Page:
Anyone who has ever wanted to open a pub probably has a million questions for someone who's done it, from the equipment to the location to staffing and all the details that go into it.
It's a Pub is a blog chronicling the efforts of software engineer (and onetime reporter) Glenn Henderson and his buddy Ed as they embark on their adventure in opening a pub in Nashville. They're calling it Fleet Street Pub, and promising "Great food -— from lunch through late-night —- along with the finest pub games and fun."
They began their quest by touring Mulligan's Pub on Second Avenue, in which I had plenty of fun pints over the years, and which was named Best Place to Throw Darts just last fall in this very publication, but alas, closed in December due to circumstances beyond the owners' control.
Between the landlord and conditions at the site, it just wouldn't work. But they've found a fantastic spot they like just as much — the old Parco Cafe in Printers Alley. And now they have set a tentative menu of basic English-inspired pub eats. Henderson's first employee is a chef, as he wanted to serve real, homemade food.
But gentle readers, I am here to tell you a delicious secret that will revolutionize your ability to enjoy the fruits of Allan's efforts and may possibly be the best single food item ever to come out of Nashville. How does Olive and Sinclair Smoked Nib Brittle sound to you? I'll give you a moment to get back in your chair and ponder this wonderful development. Now a little background. ...
Last month at the Atlanta Food and Wine Festival, I was lucky enough to sneak into one of the most popular seminars of the entire weekend, titled "Booze and Chocolate."
James Hensley, the general manager and mixologist at Patterson House, moderated a discussion and made cocktails featuring the products of two other Nashville favorites, Corsair Artisan Distillery and Olive and Sinclair Chocolate Co. We also sampled a few beta test products from both Corsair and Olive and Sinclair, including a chocolate-infused whiskey and something else that proved to be the show stopper. Before I tell you what it is, you have to picture that people were flipping over chairs to get to the front of the room for extra samples when it was offered. Now a little background. ...
Scott Witherow, the founder of Olive & Sinclair got to talking with Allan Benton a few months ago about a way to capitalize on the bacon craze that continues to sweep across many aspects of creative food development and the rest of the zeitgeist as well.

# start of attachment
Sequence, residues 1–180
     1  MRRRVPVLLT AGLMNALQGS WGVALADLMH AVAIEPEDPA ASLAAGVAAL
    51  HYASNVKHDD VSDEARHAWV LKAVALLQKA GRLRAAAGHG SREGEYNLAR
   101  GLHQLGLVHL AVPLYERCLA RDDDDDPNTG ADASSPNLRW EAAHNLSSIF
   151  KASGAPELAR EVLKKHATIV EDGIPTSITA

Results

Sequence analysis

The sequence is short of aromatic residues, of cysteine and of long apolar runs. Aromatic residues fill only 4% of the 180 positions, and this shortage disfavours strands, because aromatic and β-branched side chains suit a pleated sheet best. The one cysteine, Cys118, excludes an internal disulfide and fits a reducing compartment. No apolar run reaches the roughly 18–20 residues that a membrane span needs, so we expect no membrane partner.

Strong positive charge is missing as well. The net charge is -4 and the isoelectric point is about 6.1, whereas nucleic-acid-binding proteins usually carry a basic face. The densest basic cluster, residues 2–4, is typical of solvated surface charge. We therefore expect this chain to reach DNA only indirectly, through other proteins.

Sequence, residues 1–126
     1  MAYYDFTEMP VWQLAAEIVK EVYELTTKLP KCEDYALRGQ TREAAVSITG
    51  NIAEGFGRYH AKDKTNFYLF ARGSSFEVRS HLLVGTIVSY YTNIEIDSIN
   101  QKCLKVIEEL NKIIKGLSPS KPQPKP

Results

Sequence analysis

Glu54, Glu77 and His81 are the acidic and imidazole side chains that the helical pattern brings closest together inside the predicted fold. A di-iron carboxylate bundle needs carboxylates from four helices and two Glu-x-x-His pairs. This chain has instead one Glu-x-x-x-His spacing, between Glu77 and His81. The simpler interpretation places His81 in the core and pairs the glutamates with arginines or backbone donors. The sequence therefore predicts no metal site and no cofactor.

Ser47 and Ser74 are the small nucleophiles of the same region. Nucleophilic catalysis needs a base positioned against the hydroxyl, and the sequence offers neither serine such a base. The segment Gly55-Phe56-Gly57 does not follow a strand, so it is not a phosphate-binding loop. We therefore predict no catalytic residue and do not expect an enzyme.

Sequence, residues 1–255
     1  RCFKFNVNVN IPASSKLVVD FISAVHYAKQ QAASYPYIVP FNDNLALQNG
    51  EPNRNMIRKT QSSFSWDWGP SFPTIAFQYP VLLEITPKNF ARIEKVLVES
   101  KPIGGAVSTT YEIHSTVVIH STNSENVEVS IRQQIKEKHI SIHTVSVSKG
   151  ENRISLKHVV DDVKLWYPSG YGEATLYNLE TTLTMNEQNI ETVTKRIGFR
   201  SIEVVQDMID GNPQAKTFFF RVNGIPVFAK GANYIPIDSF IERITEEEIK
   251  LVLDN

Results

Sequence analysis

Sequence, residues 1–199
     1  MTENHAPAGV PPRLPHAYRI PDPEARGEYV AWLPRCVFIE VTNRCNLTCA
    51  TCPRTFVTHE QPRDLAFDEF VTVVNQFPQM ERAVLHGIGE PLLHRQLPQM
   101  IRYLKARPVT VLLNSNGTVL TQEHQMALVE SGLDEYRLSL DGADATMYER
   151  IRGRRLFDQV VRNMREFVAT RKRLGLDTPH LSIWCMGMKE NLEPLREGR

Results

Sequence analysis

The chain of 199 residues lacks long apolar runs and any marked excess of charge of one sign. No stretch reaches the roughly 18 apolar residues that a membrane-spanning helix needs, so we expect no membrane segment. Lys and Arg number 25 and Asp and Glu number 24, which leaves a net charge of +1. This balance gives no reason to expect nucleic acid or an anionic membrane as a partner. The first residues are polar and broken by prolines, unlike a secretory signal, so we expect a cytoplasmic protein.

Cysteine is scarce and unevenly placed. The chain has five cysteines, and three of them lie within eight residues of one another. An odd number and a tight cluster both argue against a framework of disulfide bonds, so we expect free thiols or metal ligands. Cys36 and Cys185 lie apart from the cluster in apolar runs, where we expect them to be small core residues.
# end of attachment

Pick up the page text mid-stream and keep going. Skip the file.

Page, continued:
Schlafly says on its blog that it's running out of capacity at its two breweries, so it reached out to former employee Dave Miller, who's now at Blackstone. They put together an agreement to devote some of Blackstone's capacity to producing Schlafly.
Schlafly reports that 80 percent of its beer is consumed in St. Louis, but the company is growing in other regions, including Tennessee.
Meanwhile, Schlafly has posted a job opening for a new position in Nashville: "This person will be responsible for account level sales in Tennessee and will work with our Quality Team to manage production of Schlafly Beers with our local partner at a recently constructed brewery in Nashville." Interested? Closing date for applications is July 15.
I went to my EYB bookshelf looking for a green tomato marmalade recipe that I couldn't locate and wa-hey! There it was in Putting Food By, by Janet Green. So I just walked to my bookshelf and pulled out the book. Beats the heck out of a Post-It note.
Because of copyright issues, you don't see the whole recipe, just the ingredients. What it does is help you find recipes in your library, and it's great if you have a big cookbook library.
EYB's roster of cookbooks is super-impressive. It includes plenty of trusted brands like Moosewood and Williams Sonoma, The Beautiful Cookbook series, and the Good Cook series from Time Life (but I doubt the fabulous Kodachrome photos are reproduced. ...)
It includes classics too good to be forgotten, like Giuliano Bugialli's Classic Techniques of Italian Cooking, The Thousand Recipe Chinese Cookbook, Recipes 1-2-3 by Rozanne Gold, Lorna Sass' Cooking Under Pressure and The Supper Book by Marion Cunningham, which I loaned out a decade ago, never to see again.
My latest crush is not on a big Food Network celebrichef with a snazzy kitchen/studio loaded down with the latest in culinary toys. I have just discovered a 24-year-old New Yorker transplant from San Francisco who is so darned cute and incredibly funny in her tiny apartment kitchen, that I can't stop watching her YouTube videos over and over. Her name is Hannah Hart, and her online cooking show is titled "My Drunk Kitchen."
So far, Hannah has eight episodes of her single static camera series in the can, ranging from her premiere where she drunkenly attempts to make a grilled cheese sandwich (she realizes halfway through that she doesn't have any cheese) to her latest attempt to make ice cream by shaking a snack-size bag full of milk and vanilla inside another sandwich size plastic bag. Her Ben and Jerry efforts are seriously impaired by her consumption of two bottles of Rose ("it tastes like white wine, but pink") and a couple of falls from the counter as she attempts kitchen parkour.